Solitary or clustered, spiny, high-climbing, pleonanthic, hermaphroditic rattan palms. Stems circular to triangular in cross section, with short to long internodes, juvenile stems much more slender than the adult, sucker shoots axillary. Leaves pinnate, bifid in juveniles, becoming pinnate, with a terminal cirrus; sheath strictly tubular, unarmed, longitudinally striate, often sparsely to moderately covered with black or brown caducous indumentum or indumentum absent; ocrea conspicuous, entire, tightly sheathing, neatly or obliquely truncate or somewhat saddle-shaped, or drying and becoming longitudinally split; knee absent or conspicuous, vertically linear, abrupt or tapering at base, sometimes more linear, ridge-like; elaminate rachis present on lower stems, or absent; petiole present in juvenile stems, occasionally in mature climbing stems, armed with reflexed spines, sometimes with a caducous indumentum below, or indumentum absent; rachis armed as the petiole, with caducous indumentum below; cirrus armed as the petiole or unarmed; leaflets few to numerous, single-fold except, rarely, in juvenile leaves where lamina undivided, clustered or regularly arranged, linear-lanceolate, sub-orbicular to rhomboid, broadly attenuate at the base, narrowly to broadly praemorse or entire and apiculate at apex, concolorous or somewhat discolorous, usually armed along the margins with conspicuous robust reflexed spines; tranverse veinlets moderately to highly conspicuous; proximal few leaflets on each side of the rachis often smaller than the rest, shaped as the mature leaflets or somewhat linear, strap-like, sparsely to heavily armed along margins, laxly or tightly reflexed across the sheathed stem, or not reflexed and more regularly arranged; acanthophylls in neat pairs, opposite, rarely sub-opposite, parallel, or at varying angles to cirrus. Inflorescence arching outward, branched to 1-order, branches horizontal, peduncle enclosed within the leaf sheath and emerging from the mouth, flattened, not adnate to the internode, the surface glabrous or minutely to profusely papillose; bracts throughout the inflorescence inconspicuous or somewhat more conspicuous; prophyll absent although vestigial scar visible; peduncular bracts absent; rachis somewhat longer or than the peduncle; rachis bracts low, triangular, striate, opposite, alternate distally, sometimes united proximally to form an incomplete sheathing collar; rachillae distichous, opposite proximally and subtended by a double bract, becoming alternate distally, subtended by a single triangular bract, adnate to the inflorescence axis a short distance above the bract, bearing ± distichous, minute, triangular, incomplete bracts, each subtending a pair of equal flowers without bracteoles. Flowers very pale in colour, becoming darker post-anthesis, moderately to strongly fragrant; calyx thick, coriaceous, very shallowly 3-lobed distally, obscurely veined, minutely papillose, corolla very thick, coriaceous, divided at the apex to ¼ to 1/3 its length into 3 short, triangular valvate lobes, remaining approximate, even at anthesis, the lobes then separating slightly to reveal a discrete trilete opening; stamens 6, united into a fleshy epipetalous ring, clasping the gynoecium and occluding the mouth of the flower, free filaments angled, very short, anthers enclosed within the flower, ± medifixed, very short, somewhat sagittate, latrorse; pollen elliptic, monosulcate, the sulcus extended, exine foveolate, tectate; gynoecium tricarpellate, triovulate, rounded, covered in reflexed scales, tipped by a columnar or tapered, 3-angled style, apically with 3 stigmatic angles, ovule basally attached, anatropous. Fruit 1-3 seeded, stigmatic remains minute, apical, perianth whorls persistent; epicarp covered in vertical rows of reddish-brown reflexed scales with fringed margins, mesocarp fleshy at maturity, endocarp not differentiated, sarcotesta, when present, very thin. Seed sub-basally attached, from the shape of 1/3 of a sphere to hemispherical or ellipsoid (depending on the number of seeds developing), sometimes slightly lobed or grooved, with a conspicuous abaxial ridge opposite the embryo, seed coat thin, rarely fleshy, endosperm homogenous; embryo lateral. Germination adjacent-ligular; eophyll bifid.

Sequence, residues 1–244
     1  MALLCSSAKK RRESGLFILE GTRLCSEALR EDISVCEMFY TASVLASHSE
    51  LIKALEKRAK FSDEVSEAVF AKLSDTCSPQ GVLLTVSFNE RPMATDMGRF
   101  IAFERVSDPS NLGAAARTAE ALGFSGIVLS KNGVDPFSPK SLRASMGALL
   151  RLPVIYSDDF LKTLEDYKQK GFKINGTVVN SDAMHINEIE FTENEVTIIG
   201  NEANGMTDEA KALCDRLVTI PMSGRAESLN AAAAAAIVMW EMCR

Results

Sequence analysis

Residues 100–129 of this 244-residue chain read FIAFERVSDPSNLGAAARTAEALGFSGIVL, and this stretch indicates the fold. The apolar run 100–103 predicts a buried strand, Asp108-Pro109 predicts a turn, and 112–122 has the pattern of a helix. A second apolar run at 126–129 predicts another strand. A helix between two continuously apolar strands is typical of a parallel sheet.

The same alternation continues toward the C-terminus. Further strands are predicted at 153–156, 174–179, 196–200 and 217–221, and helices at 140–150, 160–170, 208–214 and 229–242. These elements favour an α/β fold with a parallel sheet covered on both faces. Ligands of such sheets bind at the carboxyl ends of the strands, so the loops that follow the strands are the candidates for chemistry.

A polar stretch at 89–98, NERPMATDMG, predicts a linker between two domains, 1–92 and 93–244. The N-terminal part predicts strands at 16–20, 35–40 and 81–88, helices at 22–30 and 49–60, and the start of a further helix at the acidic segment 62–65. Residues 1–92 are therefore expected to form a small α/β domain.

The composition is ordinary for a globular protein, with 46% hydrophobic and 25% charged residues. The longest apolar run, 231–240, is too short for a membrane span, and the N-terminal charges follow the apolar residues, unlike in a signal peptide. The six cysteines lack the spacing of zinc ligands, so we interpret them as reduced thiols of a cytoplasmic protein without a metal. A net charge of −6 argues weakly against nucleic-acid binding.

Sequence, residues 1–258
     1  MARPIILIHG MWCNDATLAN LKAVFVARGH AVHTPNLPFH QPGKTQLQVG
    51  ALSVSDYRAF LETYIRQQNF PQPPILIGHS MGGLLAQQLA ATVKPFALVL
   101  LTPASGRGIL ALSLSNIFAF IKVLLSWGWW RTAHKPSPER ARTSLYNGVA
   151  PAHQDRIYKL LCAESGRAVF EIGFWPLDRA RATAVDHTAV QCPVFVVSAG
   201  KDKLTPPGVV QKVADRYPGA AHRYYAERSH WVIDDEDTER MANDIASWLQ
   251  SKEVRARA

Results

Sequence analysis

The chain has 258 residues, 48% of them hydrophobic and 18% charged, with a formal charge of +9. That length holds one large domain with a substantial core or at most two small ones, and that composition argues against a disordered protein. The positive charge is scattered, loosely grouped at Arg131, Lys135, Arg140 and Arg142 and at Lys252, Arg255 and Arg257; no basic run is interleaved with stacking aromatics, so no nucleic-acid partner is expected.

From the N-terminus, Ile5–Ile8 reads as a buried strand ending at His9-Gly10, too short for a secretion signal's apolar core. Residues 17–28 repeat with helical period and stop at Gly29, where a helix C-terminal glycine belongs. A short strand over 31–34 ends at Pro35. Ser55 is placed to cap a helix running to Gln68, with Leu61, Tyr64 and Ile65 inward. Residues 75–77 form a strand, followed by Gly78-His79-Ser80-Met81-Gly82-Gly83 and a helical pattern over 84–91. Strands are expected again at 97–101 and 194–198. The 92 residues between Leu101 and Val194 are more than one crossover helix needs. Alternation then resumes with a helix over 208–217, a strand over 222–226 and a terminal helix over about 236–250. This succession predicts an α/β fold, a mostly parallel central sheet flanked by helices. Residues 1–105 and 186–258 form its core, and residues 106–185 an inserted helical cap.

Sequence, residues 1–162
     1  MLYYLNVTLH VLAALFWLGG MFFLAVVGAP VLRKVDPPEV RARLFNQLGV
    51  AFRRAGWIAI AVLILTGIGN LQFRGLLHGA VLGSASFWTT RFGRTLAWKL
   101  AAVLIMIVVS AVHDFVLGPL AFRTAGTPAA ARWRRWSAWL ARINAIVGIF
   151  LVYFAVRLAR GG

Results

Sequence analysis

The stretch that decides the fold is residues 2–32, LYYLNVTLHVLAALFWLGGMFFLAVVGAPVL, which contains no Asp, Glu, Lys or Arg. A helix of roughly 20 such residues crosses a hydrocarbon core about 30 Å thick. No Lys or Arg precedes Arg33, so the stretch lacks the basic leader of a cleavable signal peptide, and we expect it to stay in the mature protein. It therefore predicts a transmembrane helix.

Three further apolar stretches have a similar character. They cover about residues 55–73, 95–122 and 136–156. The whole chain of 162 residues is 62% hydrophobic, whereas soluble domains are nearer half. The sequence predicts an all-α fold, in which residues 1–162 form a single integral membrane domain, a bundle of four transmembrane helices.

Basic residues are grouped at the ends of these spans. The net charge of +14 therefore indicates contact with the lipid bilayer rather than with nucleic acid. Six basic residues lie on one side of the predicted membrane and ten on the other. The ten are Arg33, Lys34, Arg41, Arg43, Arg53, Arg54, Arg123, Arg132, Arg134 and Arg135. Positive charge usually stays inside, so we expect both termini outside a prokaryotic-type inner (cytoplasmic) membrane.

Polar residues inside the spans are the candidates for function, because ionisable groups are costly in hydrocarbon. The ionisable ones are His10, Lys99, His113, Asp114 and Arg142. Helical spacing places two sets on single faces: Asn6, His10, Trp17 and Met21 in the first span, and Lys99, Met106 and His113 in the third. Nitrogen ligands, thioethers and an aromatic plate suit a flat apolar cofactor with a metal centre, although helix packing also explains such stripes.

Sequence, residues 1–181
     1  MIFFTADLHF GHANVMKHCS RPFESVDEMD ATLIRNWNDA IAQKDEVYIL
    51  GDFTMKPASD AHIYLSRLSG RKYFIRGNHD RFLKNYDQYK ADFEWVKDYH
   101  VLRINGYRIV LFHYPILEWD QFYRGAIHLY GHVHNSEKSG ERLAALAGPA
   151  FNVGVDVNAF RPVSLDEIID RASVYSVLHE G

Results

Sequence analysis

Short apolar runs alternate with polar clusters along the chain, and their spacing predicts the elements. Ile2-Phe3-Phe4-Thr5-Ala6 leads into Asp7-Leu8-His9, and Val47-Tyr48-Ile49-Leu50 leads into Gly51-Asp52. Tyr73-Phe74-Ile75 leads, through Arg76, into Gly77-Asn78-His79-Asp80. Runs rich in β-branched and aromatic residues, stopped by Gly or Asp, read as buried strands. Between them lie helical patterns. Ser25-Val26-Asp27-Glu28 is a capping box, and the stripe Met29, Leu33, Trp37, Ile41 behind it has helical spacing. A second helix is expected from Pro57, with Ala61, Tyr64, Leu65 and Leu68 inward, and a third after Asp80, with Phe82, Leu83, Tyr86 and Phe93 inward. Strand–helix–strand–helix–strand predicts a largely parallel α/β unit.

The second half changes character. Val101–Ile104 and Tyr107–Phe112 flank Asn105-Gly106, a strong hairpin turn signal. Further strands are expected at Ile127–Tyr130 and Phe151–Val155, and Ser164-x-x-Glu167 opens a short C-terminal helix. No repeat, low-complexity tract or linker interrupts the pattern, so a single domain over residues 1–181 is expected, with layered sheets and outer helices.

Clustered (?always), spiny, high-climbing, pleonanthic, hermaphroditic rattan palms. Stem eventually becoming bare, with long internodes, usually circular in cross-section, sometimes obscurely 3-angled, juvenile stem apparently much more slender than the adult, sucker shoots apparently axillary. Leaves pinnate, bifid in juveniles, with a terminal cirrus; sheath strictly tubular, unarmed, longitudinally striate, sometimes with a thin caducous cover of indumentum; ocrea conspicuous, tightly sheathing, neatly truncate (?always); knee present in mature climbing stems, but rather inconspicuous; petiole present in juvenile stems, absent in mature climbing stems; rachis usually armed with reflexed spines, and sometimes bearing caducous indumentum; cirrus bearing neat pairs (rarely not paired) of reflexed acanthophylls, sometimes also with scattered reflexed spines; leaflets few to numerous, single-fold except, rarely, in juvenile leaves where lamina undivided, praemorse or abruptly narrowed to a pointed tip, or entire, linear to rhomboid, usually somewhat plicate, regularly arranged, variously indumentose, sometimes white tomentose beneath, usually armed along the thickened margins with conspicuous robust, distally pointing or reflexed spines, transverse veinlets moderately conspicuous; proximal few leaflets on each side of the rachis frequently very much smaller than the rest, strap-like, heavily armed along margins, and reflexed across the sheathed stem. Inflorescence arching outward, branched to 1 order, branches horizontal, peduncle enclosed within the leaf sheath and emerging from its mouth, flattened, not adnate to the internode, the surface usually minutely papillose; bracts throughout the inflorescence very inconspicuous; prophyll absent?; peduncular bracts absent; rachis much longer than the peduncle; rachis bracts low, triangular, striate, ± opposite or alternate, often united to form an incomplete sheathing collar; rachillae adnate to the inflorescence axis a short distance above the bract, either opposite (in which case subtended by a double bract) or alternate (in which case subtended by a single triangular bract), distal rachillae always alternate, distichous, rachillae minutely papillose, bearing ± distichous, minute, triangular, incomplete bracts, each subtending a pair of equal flowers without bracteoles. Flowers pale in colour, very fragrant; calyx thick, coriaceous, very shallowly 3-lobed distally, obscurely veined, minutely papillose; corolla very thick, coriaceous, divided at the apex to 1/4 to 1/3 its length into 3 short, triangular, valvate lobes, remaining approximate even at anthesis, the lobes then separating slightly; stamens 6, united into a massive, fleshy, epipetalous ring, ± occluding the mouth of the flower, clasping the gynoecium, free filaments angled, very short, anthers enclosed within the flower, ± medifixed, very short, somewhat sagittate, latrorse; gynoecium tricarpellate, triovulate, rounded, covered in reflexed scales, tipped by a columnar or tapered, ± 3-angled style, apically with 3 stigmatic angles, ovule basally attached, anatropous. Pollen ellipsoidal, bi-symmetric; aperture an extended distal sulcus; ectexine tectate, coarsely perforate, or rugulate-reticulate, aperture margin usually much finer; infratectum columellate; longest axis 32–63 µm [4/10]. Fruit 1–3 seeded, stigmatic remains minute, apical, perianth whorls persistent; epicarp covered in vertical rows of reddish-brown reflexed scales with fringed margins, mesocarp apparently fleshy at maturity, endocarp not differentiated. Seed subbasally attached, from the shape of 1/3 of a sphere to hemispherical or ellipsoidal depending on the number of seeds developing, sometimes slightly lobed or grooved, with a conspicuous abaxial ridge opposite the embryo, seed coat thin, scarcely fleshy, endosperm homogeneous; embryo lateral. Germination adjacent-ligular; eophyll bifid. Cytology not studied.